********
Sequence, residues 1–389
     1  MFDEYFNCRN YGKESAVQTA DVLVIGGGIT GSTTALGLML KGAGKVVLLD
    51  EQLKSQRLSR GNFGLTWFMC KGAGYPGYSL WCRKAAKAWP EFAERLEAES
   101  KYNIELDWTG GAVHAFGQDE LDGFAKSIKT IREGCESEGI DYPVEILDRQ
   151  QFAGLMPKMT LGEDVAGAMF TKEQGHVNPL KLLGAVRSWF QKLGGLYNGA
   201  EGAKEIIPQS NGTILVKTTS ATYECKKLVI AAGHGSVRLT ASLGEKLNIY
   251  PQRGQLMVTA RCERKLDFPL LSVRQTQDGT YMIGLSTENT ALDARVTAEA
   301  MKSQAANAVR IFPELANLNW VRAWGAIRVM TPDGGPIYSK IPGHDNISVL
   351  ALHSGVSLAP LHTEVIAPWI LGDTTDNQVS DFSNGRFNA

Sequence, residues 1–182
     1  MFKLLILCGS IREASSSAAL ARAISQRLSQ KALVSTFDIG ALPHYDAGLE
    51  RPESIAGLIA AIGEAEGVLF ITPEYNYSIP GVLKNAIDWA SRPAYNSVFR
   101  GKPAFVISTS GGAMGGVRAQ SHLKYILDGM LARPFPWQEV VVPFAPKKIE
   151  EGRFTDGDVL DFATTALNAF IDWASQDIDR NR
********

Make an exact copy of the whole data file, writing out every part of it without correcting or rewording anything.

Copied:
Sequence, residues 1–389
     1  MFDEYFNCRN YGKESAVQTA DVLVIGGGIT GSTTALGLML KGAGKVVLLD
    51  EQLKSQRLSR GNFGLTWFMC KGAGYPGYSL WCRKAAKAWP EFAERLEAES
   101  KYNIELDWTG GAVHAFGQDE LDGFAKSIKT IREGCESEGI DYPVEILDRQ
   151  QFAGLMPKMT LGEDVAGAMF TKEQGHVNPL KLLGAVRSWF QKLGGLYNGA
   201  EGAKEIIPQS NGTILVKTTS ATYECKKLVI AAGHGSVRLT ASLGEKLNIY
   251  PQRGQLMVTA RCERKLDFPL LSVRQTQDGT YMIGLSTENT ALDARVTAEA
   301  MKSQAANAVR IFPELANLNW VRAWGAIRVM TPDGGPIYSK IPGHDNISVL
   351  ALHSGVSLAP LHTEVIAPWI LGDTTDNQVS DFSNGRFNA

Sequence, residues 1–182
     1  MFKLLILCGS IREASSSAAL ARAISQRLSQ KALVSTFDIG ALPHYDAGLE
    51  RPESIAGLIA AIGEAEGVLF ITPEYNYSIP GVLKNAIDWA SRPAYNSVFR
   101  GKPAFVISTS GGAMGGVRAQ SHLKYILDGM LARPFPWQEV VVPFAPKKIE
   151  EGRFTDGDVL DFATTALNAF IDWASQDIDR NR